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Tim Keller, Christians & Politics

Tim Keller, Christians & Politics

Tim Keller speaks at The Gospel Coalition 2017 National Conference in April. | (Photo: YouTube/TGC)

Tim Keller, founder of Redeemer Presbyterian Churches in New York, is one of America's most influential pastors and Christian thinkers. He's a model for successful urban church planters across the nation and overseas. His New York Times editorial Sunday, "How Do Christians Fit Into the Two-Party System? They Don't," (excerpted from his new book) is very thoughtful. But some additional points merit discussion.

Keller offers several themes:

  • "Those who avoid all political discussions and engagement are essentially casting a vote for the social status quo."
  • "While believers can register under a party affiliation and be active in politics, they should not identify the Christian church or faith with a political party as the onlyChristian one."
  • "Most political positions are not matters of biblical command but of practical wisdom."
  • "The biblical commands to lift up the poor and to defend the rights of the oppressed are moral imperatives for believers." But, the "Bible does not give exact answers to these questions for every time, place and culture."
  • "Jesus forbids us to withhold help from our neighbors, and this will inevitably require that we participate in political processes."
  • Finally, Keller warns that "increasingly, political parties insist that you cannot work on one issue with them if you don't embrace all of their approved positions," which Christians must reject.

Keller notes Christians must work for racial justice, which is perceived as liberal, while affirming marriage as union of male and female, a conservative stance in our culture.

These themes from Keller are sound. Space permitting, no doubt he would have elaborated how Christian political witness is pursued and by whom. (Perhaps he does in his book, which I've not yet read.) It seems important, for example, to distinguish among the institutional church, i.e. a denomination or congregation and its employees, versus the universal Body of Christ, versus individual Christians.

Keller's own denomination, the Presbyterian Church in America, adopts virtually no direct political political stances. To my knowledge, Keller's congregations are not overtly politically active in electoral politics or legislation. Keller himself largely has abstained from public endorsements and direct lobbying.

Presumably Keller agrees that the institutional church, including its clergy, don't have a vocation for routine direct engagement in political specifics such as candidate endorsements or intense legislative lobbying. Also presumably he believes the institutional church should offer broad principles about God's purposes for government and Christian duties towards the common good.

And presumably Keller believes the global Body of Christ collectively is a politically redemptive force globally and locally, even as its distinct communions and individual believers have particular unique callings.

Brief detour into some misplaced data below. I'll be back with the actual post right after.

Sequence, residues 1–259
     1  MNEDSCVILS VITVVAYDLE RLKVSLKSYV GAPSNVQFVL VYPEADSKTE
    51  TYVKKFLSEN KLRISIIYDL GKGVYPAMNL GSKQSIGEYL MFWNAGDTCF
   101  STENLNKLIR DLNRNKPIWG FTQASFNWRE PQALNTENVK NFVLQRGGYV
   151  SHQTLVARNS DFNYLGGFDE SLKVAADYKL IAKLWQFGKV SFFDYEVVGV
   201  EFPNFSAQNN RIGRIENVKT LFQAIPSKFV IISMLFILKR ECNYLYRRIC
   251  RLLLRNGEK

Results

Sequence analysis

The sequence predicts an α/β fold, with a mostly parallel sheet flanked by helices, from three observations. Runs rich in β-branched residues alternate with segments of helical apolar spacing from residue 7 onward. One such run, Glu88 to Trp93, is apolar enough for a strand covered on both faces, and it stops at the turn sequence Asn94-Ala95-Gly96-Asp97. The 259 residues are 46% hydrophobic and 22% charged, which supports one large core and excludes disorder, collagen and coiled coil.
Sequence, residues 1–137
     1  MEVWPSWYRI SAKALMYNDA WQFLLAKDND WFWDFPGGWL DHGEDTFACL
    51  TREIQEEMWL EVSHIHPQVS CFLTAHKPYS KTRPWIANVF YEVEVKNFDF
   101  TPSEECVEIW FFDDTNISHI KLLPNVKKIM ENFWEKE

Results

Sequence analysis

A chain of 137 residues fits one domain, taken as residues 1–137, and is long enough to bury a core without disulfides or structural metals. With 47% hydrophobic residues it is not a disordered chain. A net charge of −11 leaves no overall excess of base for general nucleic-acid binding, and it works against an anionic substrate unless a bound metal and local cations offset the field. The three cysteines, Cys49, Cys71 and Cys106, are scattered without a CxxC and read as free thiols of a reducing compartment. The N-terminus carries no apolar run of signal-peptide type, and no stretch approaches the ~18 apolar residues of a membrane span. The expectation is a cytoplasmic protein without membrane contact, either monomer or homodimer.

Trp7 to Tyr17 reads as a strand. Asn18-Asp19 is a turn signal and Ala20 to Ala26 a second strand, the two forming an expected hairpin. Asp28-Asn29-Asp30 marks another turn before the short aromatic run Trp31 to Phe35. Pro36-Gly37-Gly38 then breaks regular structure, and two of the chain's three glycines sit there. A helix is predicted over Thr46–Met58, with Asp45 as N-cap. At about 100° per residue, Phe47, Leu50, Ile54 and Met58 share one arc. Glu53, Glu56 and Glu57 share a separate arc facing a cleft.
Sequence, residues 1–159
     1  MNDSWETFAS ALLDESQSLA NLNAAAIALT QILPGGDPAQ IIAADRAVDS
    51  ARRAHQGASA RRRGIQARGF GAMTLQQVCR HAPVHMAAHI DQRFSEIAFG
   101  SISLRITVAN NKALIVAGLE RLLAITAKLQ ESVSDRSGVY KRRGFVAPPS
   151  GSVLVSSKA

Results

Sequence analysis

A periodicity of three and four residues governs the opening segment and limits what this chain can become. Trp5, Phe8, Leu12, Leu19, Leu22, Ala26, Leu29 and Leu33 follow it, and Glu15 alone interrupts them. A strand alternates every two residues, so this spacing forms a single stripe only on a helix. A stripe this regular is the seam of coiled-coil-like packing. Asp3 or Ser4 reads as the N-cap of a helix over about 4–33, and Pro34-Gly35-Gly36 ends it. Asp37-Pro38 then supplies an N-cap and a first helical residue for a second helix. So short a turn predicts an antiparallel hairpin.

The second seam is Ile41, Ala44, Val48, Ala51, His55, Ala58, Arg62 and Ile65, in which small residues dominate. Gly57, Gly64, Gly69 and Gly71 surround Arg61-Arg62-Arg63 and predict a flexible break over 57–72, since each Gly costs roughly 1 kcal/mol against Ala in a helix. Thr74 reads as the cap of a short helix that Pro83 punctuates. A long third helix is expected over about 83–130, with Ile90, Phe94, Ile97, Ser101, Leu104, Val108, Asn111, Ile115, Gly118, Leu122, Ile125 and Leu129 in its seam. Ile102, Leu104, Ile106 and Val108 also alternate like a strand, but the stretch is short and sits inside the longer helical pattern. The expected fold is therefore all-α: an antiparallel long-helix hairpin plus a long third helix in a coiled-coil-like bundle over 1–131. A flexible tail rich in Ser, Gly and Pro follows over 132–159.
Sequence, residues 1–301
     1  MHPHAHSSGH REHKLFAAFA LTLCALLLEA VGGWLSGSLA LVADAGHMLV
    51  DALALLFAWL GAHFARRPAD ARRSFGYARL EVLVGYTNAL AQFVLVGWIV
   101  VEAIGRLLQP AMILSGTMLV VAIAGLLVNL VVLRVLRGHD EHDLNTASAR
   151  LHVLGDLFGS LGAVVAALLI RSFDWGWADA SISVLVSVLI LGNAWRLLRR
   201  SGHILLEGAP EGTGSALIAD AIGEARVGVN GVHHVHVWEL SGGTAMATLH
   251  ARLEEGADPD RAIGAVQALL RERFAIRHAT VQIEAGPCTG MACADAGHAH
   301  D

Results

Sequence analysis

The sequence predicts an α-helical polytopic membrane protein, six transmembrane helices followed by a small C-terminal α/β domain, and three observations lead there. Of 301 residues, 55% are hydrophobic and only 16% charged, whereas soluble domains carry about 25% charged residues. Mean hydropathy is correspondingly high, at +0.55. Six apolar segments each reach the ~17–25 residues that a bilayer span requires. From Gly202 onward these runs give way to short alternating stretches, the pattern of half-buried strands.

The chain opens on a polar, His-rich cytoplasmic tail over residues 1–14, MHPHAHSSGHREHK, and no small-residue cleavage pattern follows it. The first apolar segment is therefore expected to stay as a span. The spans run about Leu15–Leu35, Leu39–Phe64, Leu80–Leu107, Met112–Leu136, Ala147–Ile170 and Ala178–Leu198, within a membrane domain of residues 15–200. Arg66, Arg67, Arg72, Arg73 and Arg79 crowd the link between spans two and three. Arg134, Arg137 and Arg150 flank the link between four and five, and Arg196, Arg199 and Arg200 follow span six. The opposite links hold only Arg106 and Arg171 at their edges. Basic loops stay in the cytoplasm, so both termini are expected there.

Some parts of the Body offer peculiar specialties in social witness not necessarily true for others. Catholicism and Pentecostalism may offer societal emphases different from each other and other communions but still integral to the universal church.

Keller's column implies but likely does not intend to insist that all individual Christians are called to political engagement. All are called to be good citizens, but arguably some best serve society by abstaining. Cloistered religious orders, the Amish, various other separatist communities, and many persons are generous in prayer and charity without direct political witness. They serve God where they are without insisting all others follow their example.

Intense or professional political activism is a special calling likely for very few Christians, as no doubt Keller would agree. Most Christians are called to focus primarily on their families, professions and churches, not politics. If all or most Christians were called to be full-time political activists, the results on the church and the world likely would be very unchristian.

Keller warns against aligning Christianity with a political party. But presumably he would agree that some Christians may individually have callings to intense partisan service. Christians in different and even opposing political movements may have opportunity to leaven broadly and to enact wide providential purpose beyond transient human understanding.

Not all two billion plus professing Christians in the world are called to march in unison to a synchronized political theme. Millions in repressive societies lack significant opportunity for any direct political engagement. But the Body of Christ as a whole prays and works for more just societies more closely aligned with God's desires.

Keller rightly warns of worldly resistance when Christians contend for more just societies. Christian social witness even at its best will always earn mixed reviews. "If we are only offensive or only attractive to the world and not both," Keller concludes, "we can be sure we are failing to live as we ought."

Of course, as Keller also concludes, Christ prevailed by disavowing earthly political power as He announced his eternal kingship. Christian political engagement, even at its very best, is only a foreshadowing of a much greater and more permanent polity. Yet, Christians with callings to political engagement should labor on, with hope.

Mark Tooley became president of the Institute on Religion and Democracy (IRD) in 2009. He joined IRD in 1994 to found its United Methodist committee (UMAction). He is also editor of IRD's foreign policy and national security journal, Providence. Follow Mark on Twitter @markdtooley.

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